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The Campy Horror Film That Definitely Ripped Off Gremlins

When you ask people what their favorite Christmas movie is, they might give you a sincere answer like "Miracle on 34th Street" or "It's a Wonderful Life." These days, though, people are just as likely to list Christmas-themed movies like "The Nightmare Before Christmas," "Die Hard," or even "Batman Returns." And for some, the best Christmas movies are straight up horror: "Christmas Evil," the "Silent Night, Deadly Night" franchise, and "Krampus" are just a few examples of horror movies about evil Santa Claus-type characters alone. 

However, when it comes to horror movies that just so happen to be set on Christmas, there's one which reigns supreme — Joe Dante's "Gremlins." It shouldn't have come as a surprise that "Gremlins" was (and still is) such a memorable film. The movie's script was written by Chris Columbus, who would also go on to direct both "Home Alone" and the first two "Harry Potter" movies. Still, who could have guessed that a movie about a kid with a cute pet — which spawns horrible lizard demons — would be as successful as "Gremlins" was? The first film made over $150 million off a $12 million budget in 1984 (per Box Office Mojo). 

The film was such a hit that Dante was given free reign to do whatever he wanted for the sequel. "Gremlins 2: The New Batch" took a dark comedy and turned it into something entirely "Looney Tunes" in nature. And soon enough, "Gremlins" imitators became extremely commonplace. 

One film in particular was so cheap and so bizarre that, among horror fans at least, it is almost as well-known as "Gremlins" — and that's "Hobgoblins."

Hobgoblins is a cult classic Gremlins ripoff

Joe Dante, who directed "Gremlins" and its sequel, is known for elevating schlock horror. One of his very first successes was 1978's "Piranha," a B-movie which was very intentionally a knock-off of Steven Spielberg's "Jaws." In a world full of "Jaws" knock-offs, "Piranha" broke the mold by actually being good — and funny, too. Spielberg, in turn, actually wound up as the executive producer for "Gremlins" as his career was really hitting its stride. As a result, Dante's "Gremlins" had the kind of support to not only ensure it was both written well and expertly cast, but that its practical monster effects wound up looking absolutely incredible.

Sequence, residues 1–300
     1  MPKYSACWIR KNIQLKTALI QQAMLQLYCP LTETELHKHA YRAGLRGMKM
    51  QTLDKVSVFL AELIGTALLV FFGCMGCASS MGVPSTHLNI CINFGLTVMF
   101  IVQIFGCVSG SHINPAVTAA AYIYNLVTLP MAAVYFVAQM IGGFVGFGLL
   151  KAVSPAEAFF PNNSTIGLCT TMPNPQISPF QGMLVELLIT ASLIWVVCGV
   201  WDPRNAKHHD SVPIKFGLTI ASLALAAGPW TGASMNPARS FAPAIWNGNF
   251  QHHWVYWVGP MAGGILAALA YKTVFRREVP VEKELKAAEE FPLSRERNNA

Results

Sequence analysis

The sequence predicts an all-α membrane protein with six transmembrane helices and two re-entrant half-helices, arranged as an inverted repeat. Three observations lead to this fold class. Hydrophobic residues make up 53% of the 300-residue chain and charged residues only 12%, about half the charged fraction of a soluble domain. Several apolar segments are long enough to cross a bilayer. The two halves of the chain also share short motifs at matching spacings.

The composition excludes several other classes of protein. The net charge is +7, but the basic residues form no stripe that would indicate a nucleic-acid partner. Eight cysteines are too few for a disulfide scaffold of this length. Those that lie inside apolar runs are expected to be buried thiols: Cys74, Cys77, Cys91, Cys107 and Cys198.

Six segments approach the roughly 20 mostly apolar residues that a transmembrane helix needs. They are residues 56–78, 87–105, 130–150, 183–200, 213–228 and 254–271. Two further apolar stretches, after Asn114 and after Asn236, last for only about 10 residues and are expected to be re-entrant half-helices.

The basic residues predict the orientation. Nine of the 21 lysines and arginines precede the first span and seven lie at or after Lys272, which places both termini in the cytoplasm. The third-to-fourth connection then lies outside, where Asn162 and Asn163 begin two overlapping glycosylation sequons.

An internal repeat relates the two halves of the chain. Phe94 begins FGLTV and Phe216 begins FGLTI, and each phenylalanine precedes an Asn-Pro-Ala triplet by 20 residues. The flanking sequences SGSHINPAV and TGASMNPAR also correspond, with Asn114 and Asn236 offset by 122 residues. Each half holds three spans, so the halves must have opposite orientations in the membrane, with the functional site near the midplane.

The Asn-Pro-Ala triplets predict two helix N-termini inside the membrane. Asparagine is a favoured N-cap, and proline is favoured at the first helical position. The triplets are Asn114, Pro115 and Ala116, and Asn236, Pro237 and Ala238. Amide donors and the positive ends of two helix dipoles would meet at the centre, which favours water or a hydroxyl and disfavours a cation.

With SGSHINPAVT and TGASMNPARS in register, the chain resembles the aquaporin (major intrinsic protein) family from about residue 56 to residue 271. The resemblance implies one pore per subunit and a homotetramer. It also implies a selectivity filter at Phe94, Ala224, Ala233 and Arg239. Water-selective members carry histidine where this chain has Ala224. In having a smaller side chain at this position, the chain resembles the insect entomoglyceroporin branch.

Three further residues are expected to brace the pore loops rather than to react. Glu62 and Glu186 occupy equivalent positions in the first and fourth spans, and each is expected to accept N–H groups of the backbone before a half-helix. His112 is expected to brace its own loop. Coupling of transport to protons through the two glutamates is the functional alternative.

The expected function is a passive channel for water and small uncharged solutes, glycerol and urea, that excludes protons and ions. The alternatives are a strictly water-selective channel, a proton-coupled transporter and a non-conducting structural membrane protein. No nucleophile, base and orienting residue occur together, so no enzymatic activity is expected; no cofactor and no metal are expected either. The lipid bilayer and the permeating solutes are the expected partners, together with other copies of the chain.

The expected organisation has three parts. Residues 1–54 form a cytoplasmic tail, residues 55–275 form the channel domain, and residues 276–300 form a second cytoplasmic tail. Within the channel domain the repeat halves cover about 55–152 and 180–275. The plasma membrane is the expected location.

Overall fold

Conversely, there is "Hobgoblins," which was released four years later in 1988 on, clearly, a tiny budget. The film was created by Rick Sloane, who is effectively the exact opposite of Joe Dante in that he takes ideas and injects as much schlock as possible. Sloane is probably best known for his "Police Academy" knock-off series "Vice Academy" — a franchise where police trainees solve most of their problems with sex. The strangest thing about "Hobgoblins," though, is that, despite the fact that it is obviously a knock-off of "Gremlins" (more on that later), the often-incomprehensible plot bears little resemblance to the plot of "Gremlins." 

"Hobgoblins" is the story of Kevin (Tom Bartlett) a young man who takes a job guarding a movie studio's vault, who happens upon a group of evil aliens being held in the vault by an older guard — the titular hobgoblins. The remainder of the film involves Kevin and his friends fighting off the hobgoblins.

Why do so many people know about a "Gremlins" imitation that sounds so innocuous? The answer is in the details.

Hobgoblins is so cheesy it ended up on Mystery Science Theater 3000

The Gremlins typically kill their victims the old-fashioned way — with violent mutilations. The Hobgoblins, on the other hand, kill their victims by granting them their greatest fantasies and then turning those fantasies against them. How is any of this a "Gremlins" knock-off? The answer is simple: The hobgoblins look like Gremlins with fur. The hobgoblins also look like they cost a nickel (at most) to build. Nonetheless, the Gremlins influence in their design — particularly given when the movie was produced — is obvious.

If you watched TV in the 1990s, this kind of off-the-wall, ultra low-budget storytelling makes you think of one thing specifically — "Mystery Science Theater 3000," that show where a man and his robots are forced to watch (and make fun of) bad movies, while trapped in an outer space satellite. Sure enough, "MST3K" covered "Hobgoblins" in 1998, one decade after the film's initial release, with great success. As a result, "Hobgoblins" gained an infamy it shares with other ultra-low budget schlock like "Troll 2," "Mac and Me," and "Silent Night, Deadly Night 2."

"Hobgoblins" is so infamous that Rick Sloane even returned to the story in 2009 for the direct-to-video "Hobgoblins 2." That's right — there's been a new "Hobgoblins" movie more recently than there's been a new "Gremlins." We can only hope that eventually that a third "Gremlins" movie finally sees release, and this very strange injustice can be set to rights.